Protease Inhibitor-Associated Hyperbilirubinemia

Last updated April 18, 2015
Case Authors: 
H. Nina Kim, MD, MS
Associate Professor of Medicine
Division of Infectious Diseases
Department of Medicine
University of Washington School of Medicine
Learning Objectives: 
  1. Describe the mechanism for protease inhibitor-associated hyperbilirubinemia.
  2. Summarize the incidence and clinical significance of protease inhibitor-associated hyperbilirubinemia.

Display Group

  1. Molina JM, Andrade-Villanueva J, Echevarria J, et al. Once-daily atazanavir/ritonavir versus twice-daily lopinavir/ritonavir, each in combination with tenofovir and emtricitabine, for management of antiretroviral-naive HIV-1-infected patients: 48 week efficacy and safety results of the CASTLE study. Lancet. 2008;372:646-55.
  2. Lankisch TO, Behrens G, Ehmer U, et al. Gilbert's syndrome and hyperbilirubinemia in protease inhibitor therapy--an extended haplotype of genetic variants increases risk in indinavir treatment. J Hepatol. 2009;50:1010-8.
  3. Gulick RM, Mellors JW, Havlir D, et al. Treatment with indinavir, zidovudine, and lamivudine in adults with human immunodeficiency virus infection and prior antiretroviral therapy. N Engl J Med. 1997;337:734-9.
  4. Hammer SM, Squires KE, Hughes MD, et al. A controlled trial of two nucleoside analogues plus indinavir in persons with human immunodeficiency virus infection and CD4 cell counts of 200 per cubic millimeter or less. AIDS Clinical Trials Group 320 Study Team. N Engl J Med. 1997;337:725-33.
  5. Squires K, Lazzarin A, Gatell JM, et al. Comparison of once-daily atazanavir with efavirenz, each in combination with fixed-dose zidovudine and lamivudine, as initial therapy for patients infected with HIV. J Acquir Immune Defic Syndr. 2004;36:1011-9.
  6. Sanne I, Piliero P, Squires K, Thiry A, Schnittman S. Results of a phase 2 clinical trial at 48 weeks (AI424-007): a dose-ranging, safety, and efficacy comparative trial of atazanavir at three doses in combination with didanosine and stavudine in antiretroviral-naive subjects. J Acquir Immune Defic Syndr. 2003;32:18-29.
  7. Lennox JL, Landovitz RJ, Ribaudo HJ, et al. Efficacy and tolerability of 3 nonnucleoside reverse transcriptase inhibitor-sparing antiretroviral regimens for treatment-naive volunteers infected with HIV-1: a randomized, controlled equivalence trial. Ann Intern Med. 2014;161:461-71.
  8. Rayner CR, Esch LD, Wynn HE and Eales R. Symptomatic hyperbilirubinemia with indinavir/ritonavir-containing regimen. Ann Pharmacother. 2001;35:1391-5.
  9. Boffito M, Maitland D, Dickinson L, et al. Pharmacokinetics of saquinavir hard-gel/ritonavir and atazanavir when combined once daily in HIV Type 1-infected individuals administered different atazanavir doses. AIDS Res Hum Retroviruses. 2006;22:749-56.
  10. Smith DE, Jeganathan S and Ray J. Atazanavir plasma concentrations vary significantly between patients and correlate with increased serum bilirubin concentrations. HIV Clin Trials. 2006;7:34-8.
  11. Rodríguez-Nóvoa S, Morello J, González M, et al. Increase in serum bilirubin in HIV/hepatitis-C virus-coinfected patients on atazanavir therapy following initiation of pegylated-interferon and ribavirin. AIDS. 2008;22:2535-7.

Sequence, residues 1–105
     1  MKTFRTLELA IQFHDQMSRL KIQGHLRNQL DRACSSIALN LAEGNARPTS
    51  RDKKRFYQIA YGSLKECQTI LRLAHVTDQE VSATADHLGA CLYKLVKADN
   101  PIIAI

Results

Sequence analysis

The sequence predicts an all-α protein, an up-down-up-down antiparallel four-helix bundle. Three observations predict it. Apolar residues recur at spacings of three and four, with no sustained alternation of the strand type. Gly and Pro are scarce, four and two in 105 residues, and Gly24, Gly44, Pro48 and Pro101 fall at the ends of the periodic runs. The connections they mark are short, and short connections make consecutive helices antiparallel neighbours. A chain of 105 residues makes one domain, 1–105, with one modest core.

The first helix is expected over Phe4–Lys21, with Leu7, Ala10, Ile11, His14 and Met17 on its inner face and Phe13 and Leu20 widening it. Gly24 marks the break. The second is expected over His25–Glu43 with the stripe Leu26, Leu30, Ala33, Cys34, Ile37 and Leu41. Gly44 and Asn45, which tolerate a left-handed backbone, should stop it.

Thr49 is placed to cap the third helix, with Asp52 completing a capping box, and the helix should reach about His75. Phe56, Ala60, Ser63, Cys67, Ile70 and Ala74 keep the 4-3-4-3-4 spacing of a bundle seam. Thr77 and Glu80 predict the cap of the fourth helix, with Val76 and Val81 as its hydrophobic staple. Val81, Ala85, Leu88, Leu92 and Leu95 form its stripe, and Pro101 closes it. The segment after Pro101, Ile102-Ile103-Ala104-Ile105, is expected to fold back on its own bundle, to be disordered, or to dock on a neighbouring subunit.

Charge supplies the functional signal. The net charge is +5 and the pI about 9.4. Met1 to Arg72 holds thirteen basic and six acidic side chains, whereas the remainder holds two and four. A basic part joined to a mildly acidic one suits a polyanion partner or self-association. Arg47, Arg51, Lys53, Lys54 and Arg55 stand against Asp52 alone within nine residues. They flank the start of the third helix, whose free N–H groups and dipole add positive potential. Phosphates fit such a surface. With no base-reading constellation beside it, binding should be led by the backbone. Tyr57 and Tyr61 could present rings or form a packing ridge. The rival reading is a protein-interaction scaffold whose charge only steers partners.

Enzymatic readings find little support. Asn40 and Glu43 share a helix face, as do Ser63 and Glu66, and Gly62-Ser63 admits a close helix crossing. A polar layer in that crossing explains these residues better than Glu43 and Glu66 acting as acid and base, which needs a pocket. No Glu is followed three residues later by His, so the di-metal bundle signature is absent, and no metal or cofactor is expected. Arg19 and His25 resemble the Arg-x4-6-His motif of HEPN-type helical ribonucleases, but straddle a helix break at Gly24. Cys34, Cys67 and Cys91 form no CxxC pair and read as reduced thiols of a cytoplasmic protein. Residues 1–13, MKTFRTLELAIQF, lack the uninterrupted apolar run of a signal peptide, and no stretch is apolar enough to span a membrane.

12. Rotger M, Taffe P, Bleiber G, et al. Gilbert syndrome and the development of antiretroviral therapy-associated hyperbilirubinemia. J Infect Dis. 2005;192:1381-6.
  13. Ward D, Curtin J, Richardson J, Baker R, Moorman A, Buchacz K, Brooks J. Hyperbilirubinemia among patients in the HIV Outpatient Study (HOPS) receiving atazanavir. In: The 3rd IAS Conference on HIV Pathogenesis and Treatment. Rio de Janeiro, Brazil, 2005. Abstract TuPe2.1B02.
  14. Laprise C, Baril JG, Dufresne S, Trottier H. Atazanavir and other determinants of hyperbilirubinemia in a cohort of 1150 HIV-positive patients: results from 9 years of follow-up. AIDS Patient Care STDS. 2013;27:378-86.
  15. Zucker SD, Qin X, Rouster SD, et al. Mechanism of indinavir-induced hyperbilirubinemia. Proc Natl Acad Sci. U S A 2001;98:12671-6.
  16. Zhang D, Chando TJ, Everett DW, Patten CJ, Dehal SS and Humphreys WG. In vitro inhibition of UDP glucuronosyltransferases by atazanavir and other HIV protease inhibitors and the relationship of this property to in vivo bilirubin glucuronidation. Drug Metab Dispos. 2005;33:1729-39.
  17. Bosma PJ, Chowdhury JR, Bakker C, et al. The genetic basis of the reduced expression of bilirubin UDP-glucuronosyltransferase 1 in Gilbert's syndrome. N Engl J Med. 1995;333:1171-5.
  18. Ribaudo HJ, Daar ES, Tierney C, et al. Impact of UGT1A1 Gilbert variant on discontinuation of ritonavir-boosted atazanavir in AIDS Clinical Trials Group Study A5202. J Infect Dis. 2012;207:420-5.
  19. Johnson DH, Venuto C, Ritchie MD, et al. Genomewide association study of atazanavir pharmacokinetics and hyperbilirubinemia in AIDS Clinical Trials Group protocol A5202. Pharmacogenet Genomics. 2014;24:195-203.
  20. Lankisch TO, Moebius U, Wehmeier M, et al. Gilbert's disease and atazanavir: from phenotype to UDP-glucuronosyltransferase haplotype. Hepatology. 2006;44:1324-32.
  21. Rodriguez Novoa S, Barreiro P, Rendon A, et al. Plasma levels of atazanavir and the risk of hyperbilirubinemia are predicted by the 3435C-->T polymorphism at the multidrug resistance gene 1. Clin Infect Dis. 2006;42:291-5.
  22. Nettles RE, Child MJ, Bertz RJ and Schnittman S. Gilbert syndrome and the development of antiretroviral therapy-associated hyperbilirubinemia: genetic screening is unnecessary. J Infect Dis. 2006;193:1611-1612.